What about matzah?!
In present-day Poland, grocery stores sell Challah and Matzah – they have entered the culture – and many or most present-day Poles probably have no idea these were Jewish foods
Chicken feet are ESSENTIAL. Years ago in Mass. they were free because no one else wanted them. Now I live in California and I have to purchase them because so many different cuisines use them.
yes we caled them Jaggedes!
My mom made those and called them Blueberry Bilkelach
brick lane beigel bakery
Sokolov wrote a great Jewish Cook Book
What about Jewish deli ‘tongue’? It’s not kosher, but Jewish style….from my childhood at Barry’s Deli in Waban, Ma (part of Newton, MA)
Lekach – honey cake – esp as we are near Rosh Hashana.
tongue isn’t kosher?
eiglach – the little eggs (unborn/unhatched) floating in the chicken soup
Never my favorite but one shouldn’t overlook biallies.
Huluptches (spelling?) stuffed cabbage
Yes, tongue is kosher….
..gefilte fish with wasabi
Yes, Lekach – thanks for reminding me. I can hear my mother’s voice when I see the word!
“There is an interesting book called Recipes From Auschwitz by Dr. Alex Sternberg…
it is basically a memoir, a story of his mother’s survival in the concentration camp, but included Hungarian recipes that the women discussed there to help keep them “”connected and alive”””
where did stuffed cabbage originate from?
stuffed cabbage – very popular Polish dish, I’m guessing it’s Polish in origin, not sure
Reminding me of my children’s favorite Chicken Soup made by their beloved grandfather, Sam called ” Sam’s Soup”made with lots of mashed carrots and love……
dill was a key ingredient in soups by my Polish Jewish grandma
Sorry prakas ARE stuffed cabbage
There’s a cucumber salad (with sour cream and vinegar and sugar?).My mother made it. Not sure what she called it. I re-discovered it when I stayed in Poland.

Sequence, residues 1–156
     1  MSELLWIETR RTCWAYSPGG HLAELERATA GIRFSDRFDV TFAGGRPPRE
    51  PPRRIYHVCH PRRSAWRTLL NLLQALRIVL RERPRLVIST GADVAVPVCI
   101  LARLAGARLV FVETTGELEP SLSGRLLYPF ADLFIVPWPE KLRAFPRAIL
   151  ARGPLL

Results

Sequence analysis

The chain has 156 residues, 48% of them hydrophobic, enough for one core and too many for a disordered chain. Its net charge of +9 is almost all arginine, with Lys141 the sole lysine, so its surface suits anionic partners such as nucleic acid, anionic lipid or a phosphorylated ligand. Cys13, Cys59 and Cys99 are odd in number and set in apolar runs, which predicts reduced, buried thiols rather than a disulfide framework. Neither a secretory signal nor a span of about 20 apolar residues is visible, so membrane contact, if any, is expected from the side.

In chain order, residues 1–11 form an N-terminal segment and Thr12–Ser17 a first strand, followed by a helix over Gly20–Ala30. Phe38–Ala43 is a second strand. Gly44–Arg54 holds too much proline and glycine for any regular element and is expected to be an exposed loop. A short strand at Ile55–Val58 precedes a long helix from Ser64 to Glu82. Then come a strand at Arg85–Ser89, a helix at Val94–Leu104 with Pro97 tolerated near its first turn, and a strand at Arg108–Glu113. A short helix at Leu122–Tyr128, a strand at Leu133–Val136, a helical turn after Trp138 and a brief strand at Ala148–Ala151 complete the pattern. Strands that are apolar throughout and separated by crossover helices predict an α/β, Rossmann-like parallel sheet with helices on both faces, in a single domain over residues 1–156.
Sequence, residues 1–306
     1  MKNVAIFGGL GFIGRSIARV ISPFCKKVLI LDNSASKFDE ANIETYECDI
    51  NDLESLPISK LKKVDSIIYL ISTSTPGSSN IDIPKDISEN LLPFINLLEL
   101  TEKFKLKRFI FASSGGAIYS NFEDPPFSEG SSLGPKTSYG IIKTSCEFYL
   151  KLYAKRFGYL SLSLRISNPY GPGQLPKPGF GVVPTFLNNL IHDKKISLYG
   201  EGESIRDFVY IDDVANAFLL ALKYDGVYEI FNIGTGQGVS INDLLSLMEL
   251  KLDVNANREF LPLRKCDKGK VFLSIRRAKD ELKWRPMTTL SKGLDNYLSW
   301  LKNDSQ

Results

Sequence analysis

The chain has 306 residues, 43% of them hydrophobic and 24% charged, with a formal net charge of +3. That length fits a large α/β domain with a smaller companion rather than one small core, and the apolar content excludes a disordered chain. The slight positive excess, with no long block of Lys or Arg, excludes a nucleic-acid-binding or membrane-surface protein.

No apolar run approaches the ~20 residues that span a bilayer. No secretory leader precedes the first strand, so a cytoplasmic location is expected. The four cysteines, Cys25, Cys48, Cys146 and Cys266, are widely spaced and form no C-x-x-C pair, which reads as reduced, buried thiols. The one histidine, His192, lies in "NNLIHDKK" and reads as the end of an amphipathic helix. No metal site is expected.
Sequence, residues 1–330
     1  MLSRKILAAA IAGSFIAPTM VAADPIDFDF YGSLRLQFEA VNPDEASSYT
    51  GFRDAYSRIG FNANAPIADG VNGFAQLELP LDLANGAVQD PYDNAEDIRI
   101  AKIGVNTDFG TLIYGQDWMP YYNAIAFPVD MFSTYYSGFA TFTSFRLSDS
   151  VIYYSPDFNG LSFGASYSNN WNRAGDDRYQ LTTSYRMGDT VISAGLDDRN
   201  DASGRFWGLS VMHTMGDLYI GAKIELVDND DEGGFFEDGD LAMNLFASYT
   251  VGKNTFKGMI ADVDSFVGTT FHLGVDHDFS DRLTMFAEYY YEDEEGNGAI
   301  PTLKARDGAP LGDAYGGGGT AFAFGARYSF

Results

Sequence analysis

it’s called mizeria in Polish, which can also mean a situation when things are not going well
holubtsi (various spellings) or stuffed cabage.Often find it in Russian restaurants
anything with sour cream seems Jewish to me.
stuffed cabbage is said to originated in roumania there is called Halushka
Garlic is manna from heaven
Cholent comes from the French word for heat chaud.
97 Orchard is an interesting cultural read
best ashkenazie cookbook?I received Ray Sokolov Jewish cookin.
honey and apple
matzo kugel; fried matzo
Wise Sons Deli in SF just bought Beauty’s Bagels (Montreal style) in Oakland…a result of Covid closures.
Lisa, the best advice is to cook it low and slow. I actually cook mine twice — and I put gravy in between each slice. (The second cook is at 200 degrees for at least 6 hours.)
for fish hashana: kugel, brisket with leaves and plums, honey cake
I highly recommend watching DELI MAN for a wonderful addition to this. (warning- eat first!)
gefilte fish=quenelles in France!
if you want more Jewish food info go to the Unorthodox podcast and look for their 100 Greatest Jewish Foods book.
Schav is a sorrel soup.